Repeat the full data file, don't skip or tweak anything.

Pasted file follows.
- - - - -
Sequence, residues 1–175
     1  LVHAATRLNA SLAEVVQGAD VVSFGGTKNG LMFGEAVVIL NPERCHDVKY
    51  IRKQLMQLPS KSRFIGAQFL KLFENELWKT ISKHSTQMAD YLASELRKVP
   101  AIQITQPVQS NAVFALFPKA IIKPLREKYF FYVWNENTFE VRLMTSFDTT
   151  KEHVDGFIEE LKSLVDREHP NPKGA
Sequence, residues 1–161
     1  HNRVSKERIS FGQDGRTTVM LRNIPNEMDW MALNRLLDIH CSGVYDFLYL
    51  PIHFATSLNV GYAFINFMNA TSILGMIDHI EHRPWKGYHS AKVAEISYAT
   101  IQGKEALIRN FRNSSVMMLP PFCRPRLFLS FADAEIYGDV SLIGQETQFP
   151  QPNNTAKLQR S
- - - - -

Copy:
Sequence, residues 1–175
     1  LVHAATRLNA SLAEVVQGAD VVSFGGTKNG LMFGEAVVIL NPERCHDVKY
    51  IRKQLMQLPS KSRFIGAQFL KLFENELWKT ISKHSTQMAD YLASELRKVP
   101  AIQITQPVQS NAVFALFPKA IIKPLREKYF FYVWNENTFE VRLMTSFDTT
   151  KEHVDGFIEE LKSLVDREHP NPKGA
Sequence, residues 1–161
     1  HNRVSKERIS FGQDGRTTVM LRNIPNEMDW MALNRLLDIH CSGVYDFLYL
    51  PIHFATSLNV GYAFINFMNA TSILGMIDHI EHRPWKGYHS AKVAEISYAT
   101  IQGKEALIRN FRNSSVMMLP PFCRPRLFLS FADAEIYGDV SLIGQETQFP
   151  QPNNTAKLQR S